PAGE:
Vista Home Prem, data recovery.

Posted on 2010-09-12
Medium Priority
Last Modified: 2012-05-10
I have a dell computer with Vista Home Prem, that is giving me the data backup message at the boot asking to press f1 to continue, it goes as far as the vista logo and nothing else, I've tried to run chkdsk from booting on windows vista cd but it can't see any OS installed on the computer, I've also tried to plug the drive on a usb adapter on a different computer however it gives me access to the recovery partition but no access to the c: partition. Any suggestions?

Question by:jdff
LVL 88

Expert Comment

ID: 33657353
Run getdataback on the HD from that 2nd PC. If it sees the files you need backed up, register the tool and then you can copy the files to that other PC.


After that replace the HD (or get a warranty replacement from the manufacturer, provided it is still under warranty).
LVL 93

Expert Comment

ID: 33659909
here a list of good Free/not free recovery soft :
http://www.pcinspector.de/file_recovery/UK/welcome.htm      pc Inspector -FREE -
      http://www.piriform.com/recuva/download/standard            FREE  -  Recuva
http://www.stellarinfo.com/                              Stellar
http://www.runtime.org/                              GetDataBack

it can be some bad sectors; in that case HDD regenerator often helps.
runthe free trial, and check if it finds a bad sector - then buy it, and run the complete disk
LVL 11

Accepted Solution

ocanada_techguy earned 2000 total points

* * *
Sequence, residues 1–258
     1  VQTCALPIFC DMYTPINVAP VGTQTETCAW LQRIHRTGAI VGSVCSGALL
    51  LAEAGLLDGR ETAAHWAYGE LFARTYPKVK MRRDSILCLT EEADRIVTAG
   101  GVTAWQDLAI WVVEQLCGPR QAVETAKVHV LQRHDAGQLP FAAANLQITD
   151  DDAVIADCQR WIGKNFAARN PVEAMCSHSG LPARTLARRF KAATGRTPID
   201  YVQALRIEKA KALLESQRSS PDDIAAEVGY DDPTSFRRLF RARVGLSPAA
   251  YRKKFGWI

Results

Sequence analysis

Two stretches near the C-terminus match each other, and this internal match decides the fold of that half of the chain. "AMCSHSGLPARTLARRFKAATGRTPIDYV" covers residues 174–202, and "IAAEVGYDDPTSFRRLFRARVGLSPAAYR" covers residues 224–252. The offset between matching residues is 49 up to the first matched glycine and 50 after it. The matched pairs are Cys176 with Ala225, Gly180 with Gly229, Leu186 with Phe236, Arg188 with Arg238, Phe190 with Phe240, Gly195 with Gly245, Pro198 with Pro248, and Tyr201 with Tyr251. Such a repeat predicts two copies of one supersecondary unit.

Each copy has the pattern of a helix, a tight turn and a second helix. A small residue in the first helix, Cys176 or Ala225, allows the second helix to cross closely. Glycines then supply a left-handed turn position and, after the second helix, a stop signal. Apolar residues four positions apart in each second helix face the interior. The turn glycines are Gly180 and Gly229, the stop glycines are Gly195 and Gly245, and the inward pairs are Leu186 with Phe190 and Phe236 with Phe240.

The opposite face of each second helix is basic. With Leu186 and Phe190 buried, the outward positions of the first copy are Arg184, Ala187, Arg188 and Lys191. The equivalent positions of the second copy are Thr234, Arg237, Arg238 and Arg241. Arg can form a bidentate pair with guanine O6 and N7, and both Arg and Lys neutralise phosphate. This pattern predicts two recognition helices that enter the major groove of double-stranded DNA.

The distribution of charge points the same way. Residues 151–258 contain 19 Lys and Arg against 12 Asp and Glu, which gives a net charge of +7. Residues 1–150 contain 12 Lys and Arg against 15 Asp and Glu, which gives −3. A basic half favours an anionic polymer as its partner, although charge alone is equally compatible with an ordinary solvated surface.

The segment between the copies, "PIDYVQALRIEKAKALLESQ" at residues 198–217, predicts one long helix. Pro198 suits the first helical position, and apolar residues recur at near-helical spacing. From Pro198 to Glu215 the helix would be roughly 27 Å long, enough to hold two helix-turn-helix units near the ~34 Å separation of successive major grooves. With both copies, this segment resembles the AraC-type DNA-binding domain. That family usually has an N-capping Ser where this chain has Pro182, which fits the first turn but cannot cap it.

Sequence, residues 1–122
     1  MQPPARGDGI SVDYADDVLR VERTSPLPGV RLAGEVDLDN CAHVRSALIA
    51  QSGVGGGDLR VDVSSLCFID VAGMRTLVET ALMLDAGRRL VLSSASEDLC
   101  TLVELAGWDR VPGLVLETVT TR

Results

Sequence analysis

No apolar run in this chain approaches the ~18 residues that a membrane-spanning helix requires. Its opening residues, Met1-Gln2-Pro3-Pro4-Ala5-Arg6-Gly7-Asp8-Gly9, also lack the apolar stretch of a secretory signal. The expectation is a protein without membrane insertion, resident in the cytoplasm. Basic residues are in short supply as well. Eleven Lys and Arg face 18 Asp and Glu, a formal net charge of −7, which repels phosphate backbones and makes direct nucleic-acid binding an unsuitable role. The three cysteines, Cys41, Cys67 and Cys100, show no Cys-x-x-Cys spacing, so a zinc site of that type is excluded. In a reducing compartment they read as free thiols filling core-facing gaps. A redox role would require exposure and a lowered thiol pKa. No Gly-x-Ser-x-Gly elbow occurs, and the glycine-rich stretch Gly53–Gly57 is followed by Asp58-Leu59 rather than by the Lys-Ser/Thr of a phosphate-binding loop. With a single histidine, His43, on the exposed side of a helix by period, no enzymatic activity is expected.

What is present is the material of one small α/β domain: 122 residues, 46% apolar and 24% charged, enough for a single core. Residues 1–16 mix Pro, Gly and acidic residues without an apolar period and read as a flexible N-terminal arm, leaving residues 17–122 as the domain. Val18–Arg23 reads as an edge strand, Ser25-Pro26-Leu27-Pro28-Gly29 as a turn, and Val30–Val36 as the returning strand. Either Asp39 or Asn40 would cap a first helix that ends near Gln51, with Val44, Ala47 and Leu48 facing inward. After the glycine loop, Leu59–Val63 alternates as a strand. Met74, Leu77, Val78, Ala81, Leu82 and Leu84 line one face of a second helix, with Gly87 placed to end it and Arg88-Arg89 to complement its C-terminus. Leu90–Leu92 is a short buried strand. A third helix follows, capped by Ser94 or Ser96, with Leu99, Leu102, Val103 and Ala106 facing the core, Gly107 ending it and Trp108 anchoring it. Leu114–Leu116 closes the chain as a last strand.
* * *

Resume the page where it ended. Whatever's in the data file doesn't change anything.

ID: 33660576
First, what data is at risk?  Do you have good backups?  If there is user data on the drive that you need to backup, THAT should be job one first.  

One way to do that is to use deep recovery software, like the list @nobus posted.  What one of these will do is more-or-less ignore the table of contents and instead look at the raw chunks of file blocks, pieceing files together by following the predecessor and successor pointers such that all the pieces from the first to the last of any given file are accounted for.

However, there is another way you may be able to get your data off the drive that is not a tedious and laborious, so I would try the following ideas first.
You may be able to "see" your files by booting with a so-called "live CD", that is, a CD that boots it's own little version of Linux, or Unbutu, or WinPE, etc.  What seems to happen is Linux is far more forgiving and will go ahead and mount and examine the filesystem for contents irrespective of whether the table of contents is somewhat corrupt, so, you might actually see most of your datafiles and be able to take a backup copy of the important data at risk.

Download and burn the Parted Magic Linux live CD: www.partedmagic.com  After booting off it, first test if this specialized Linux recovery system will recognize your drive per se, by clicking the 'Mount' icon on the desktop and trying to mount the drive. If this shows your files, they will be accessible; so simply connect an additional drive such as an external drive, mount it as well, then copy.

Another linux boot way to try to backup copy your files, is to try Paragon Rescue Kit free trial to copy out data from the drive via File Transfer Wizard.  http://www.paragon-software.com/